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GRAMOPHONE ( 08/ 2019)
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Reviewer: Fabrice Fitch 

Schütz’s Cantiones sacrae (1625) is not the easiest collection to situate within his output. The combination of Latin texts, consistently four-voice and mostly a cappella scoring, small scale and judicious dissonance treatment is most unusual. This may account for the widely divergent approaches of the three most recent complete recordings: Weser-Renaissance Bremen (1996) present the a cappella pieces just so; the Dresdner Kammerchor (2012) have multiple voices to a part; and this new offering from Magnificat has solo voices consistently accompanied by a variety of continuo instruments. That Schütz acquiesced to the publication of a fifth partbook for the continuo shows that he would not have objected to Magnificat’s choice. Whether some pieces are nonetheless better served by having just voices is a different question (the Pater noster comes to mind); Weser-Renaissance’s set allows us to judge the matter on a caseby-case basis – a most rewarding exercise, which space prevents me from doing here. Another observation to arise out of sustained listening is Schütz’s astonishing ability to pare technique and expression down to essentials.

A variety of scoring options would alleviate a certain feeling of sameness. This is hardly the composer’s fault, since he wouldn’t have expected the pieces to be played straight through; but if it’s a trap for the modern performer, all three ensembles fall into it to some extent. For their part, Magnificat’s use of organ and violone makes it harder for the singers to inflect the pulse, as the music’s Italianate accents seem to require. Although those of Wesertalks to ... David Skinner The director of Alamire discusses recording polychoral motets by Hieronymus Praetorius What exposure to polychoral music did Praetorius have in north Germany? The so-called cori spezzati (separated choirs) had its origins in Italy in the 1540s with composers such as Adrian Willaert, who sought to make use of the opposing choir lofts in St Mark’s Basilica in Venice. The style was at its peak in the 1580s and ’90s while Giovanni Gabrieli was organist there, although by then other European composers were likewise mastering the technique. In 1584 the German composer Hans Leo Hassler travelled to Venice and learnt the polychoral style directly from the Italians. Hassler returned to Germany in 1585 and met Hieronymus Praetorius and Michael Praetorius (no relation to Hieronymus) the following year. This is thought to be Hieronymus’s only contact with other polychoral masters, and he went on to publish some 100 Latin and German motets for ive to 20 parts between 1599 and 1625.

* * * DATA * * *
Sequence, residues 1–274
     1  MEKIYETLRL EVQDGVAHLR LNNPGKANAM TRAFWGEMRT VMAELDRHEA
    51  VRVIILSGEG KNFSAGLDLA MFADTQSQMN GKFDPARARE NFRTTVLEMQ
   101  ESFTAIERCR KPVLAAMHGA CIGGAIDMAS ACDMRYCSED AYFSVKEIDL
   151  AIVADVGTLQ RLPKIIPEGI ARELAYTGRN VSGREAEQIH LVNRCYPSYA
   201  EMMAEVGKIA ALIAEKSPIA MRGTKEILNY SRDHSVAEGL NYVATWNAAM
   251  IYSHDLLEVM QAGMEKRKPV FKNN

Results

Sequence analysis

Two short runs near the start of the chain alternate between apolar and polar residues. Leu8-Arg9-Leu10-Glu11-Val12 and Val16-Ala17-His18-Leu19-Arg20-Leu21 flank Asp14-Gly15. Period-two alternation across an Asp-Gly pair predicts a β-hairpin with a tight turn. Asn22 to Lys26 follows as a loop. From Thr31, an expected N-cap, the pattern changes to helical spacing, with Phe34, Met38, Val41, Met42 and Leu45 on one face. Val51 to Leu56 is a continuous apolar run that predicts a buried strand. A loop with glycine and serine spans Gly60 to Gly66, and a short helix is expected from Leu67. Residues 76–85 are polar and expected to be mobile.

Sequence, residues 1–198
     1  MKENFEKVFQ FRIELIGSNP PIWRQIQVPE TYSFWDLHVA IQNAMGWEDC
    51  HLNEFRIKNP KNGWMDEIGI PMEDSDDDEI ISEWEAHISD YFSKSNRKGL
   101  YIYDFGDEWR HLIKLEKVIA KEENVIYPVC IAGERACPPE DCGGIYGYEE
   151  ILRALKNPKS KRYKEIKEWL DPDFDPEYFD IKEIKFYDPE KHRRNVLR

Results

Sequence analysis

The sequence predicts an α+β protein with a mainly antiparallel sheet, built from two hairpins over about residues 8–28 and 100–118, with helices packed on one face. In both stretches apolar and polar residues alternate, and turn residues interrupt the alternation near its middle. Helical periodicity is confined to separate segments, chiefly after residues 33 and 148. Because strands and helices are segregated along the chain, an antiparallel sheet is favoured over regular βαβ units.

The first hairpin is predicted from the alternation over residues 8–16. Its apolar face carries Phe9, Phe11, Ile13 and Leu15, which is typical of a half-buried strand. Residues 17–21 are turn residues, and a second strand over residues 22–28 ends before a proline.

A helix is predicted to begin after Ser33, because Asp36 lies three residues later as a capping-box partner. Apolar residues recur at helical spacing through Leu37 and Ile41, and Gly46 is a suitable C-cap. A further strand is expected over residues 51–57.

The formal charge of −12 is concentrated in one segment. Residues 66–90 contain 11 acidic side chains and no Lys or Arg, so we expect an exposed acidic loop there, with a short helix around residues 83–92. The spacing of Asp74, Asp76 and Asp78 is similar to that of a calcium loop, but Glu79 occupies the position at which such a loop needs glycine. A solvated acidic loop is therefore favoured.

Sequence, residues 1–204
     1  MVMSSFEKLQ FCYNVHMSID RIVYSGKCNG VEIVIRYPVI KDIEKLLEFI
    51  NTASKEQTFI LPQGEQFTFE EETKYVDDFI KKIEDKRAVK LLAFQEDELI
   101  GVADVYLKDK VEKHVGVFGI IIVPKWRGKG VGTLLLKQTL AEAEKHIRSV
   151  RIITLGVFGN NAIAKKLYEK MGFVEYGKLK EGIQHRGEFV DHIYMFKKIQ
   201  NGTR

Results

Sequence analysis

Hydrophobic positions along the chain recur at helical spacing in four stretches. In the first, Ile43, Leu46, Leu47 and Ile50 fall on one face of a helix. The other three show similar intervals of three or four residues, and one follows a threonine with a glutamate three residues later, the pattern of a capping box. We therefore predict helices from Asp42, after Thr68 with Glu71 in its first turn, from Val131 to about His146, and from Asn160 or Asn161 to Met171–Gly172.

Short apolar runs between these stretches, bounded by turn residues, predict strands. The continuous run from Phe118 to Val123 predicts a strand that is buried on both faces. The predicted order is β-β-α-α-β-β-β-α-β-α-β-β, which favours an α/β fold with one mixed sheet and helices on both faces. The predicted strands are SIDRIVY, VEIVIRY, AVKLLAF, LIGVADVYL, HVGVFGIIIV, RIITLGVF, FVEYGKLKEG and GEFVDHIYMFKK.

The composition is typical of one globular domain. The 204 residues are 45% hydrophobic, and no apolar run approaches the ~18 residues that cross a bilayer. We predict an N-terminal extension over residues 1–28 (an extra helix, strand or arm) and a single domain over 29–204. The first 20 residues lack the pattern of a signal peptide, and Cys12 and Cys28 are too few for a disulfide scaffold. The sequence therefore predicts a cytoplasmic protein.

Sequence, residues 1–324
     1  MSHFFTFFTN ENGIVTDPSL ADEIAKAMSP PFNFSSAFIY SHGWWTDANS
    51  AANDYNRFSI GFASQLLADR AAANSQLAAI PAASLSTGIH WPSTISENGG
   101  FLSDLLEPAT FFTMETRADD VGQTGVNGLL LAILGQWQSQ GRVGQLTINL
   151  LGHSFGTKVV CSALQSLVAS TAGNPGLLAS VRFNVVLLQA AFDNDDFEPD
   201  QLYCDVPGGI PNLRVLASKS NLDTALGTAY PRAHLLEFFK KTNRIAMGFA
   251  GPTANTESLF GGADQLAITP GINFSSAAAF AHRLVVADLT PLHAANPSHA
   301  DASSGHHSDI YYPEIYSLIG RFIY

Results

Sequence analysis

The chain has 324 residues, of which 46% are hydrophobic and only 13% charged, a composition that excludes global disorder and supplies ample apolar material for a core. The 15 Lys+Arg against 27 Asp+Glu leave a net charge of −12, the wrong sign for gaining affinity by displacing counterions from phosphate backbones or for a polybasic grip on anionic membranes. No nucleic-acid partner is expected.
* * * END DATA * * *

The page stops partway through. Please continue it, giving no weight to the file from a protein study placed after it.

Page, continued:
Renaissance shade them from a vocal standpoint, these are very fine singers without doubt (the famous Cantate Domino is pleasingly warm and festive); and yet one senses a reluctance to venture out of their comfort zone and inhabit the unsettling hybrid territory that Schütz has mapped out for himself and his performers. One might say the same of the continuo group, which rarely challenges the singers’ primacy. Overall I have come to warm to Weser-Renaissance’s approach; but again, comparing the two sets is a good way to understand how elusive Schütz’s Op 4 proves to be in performance.

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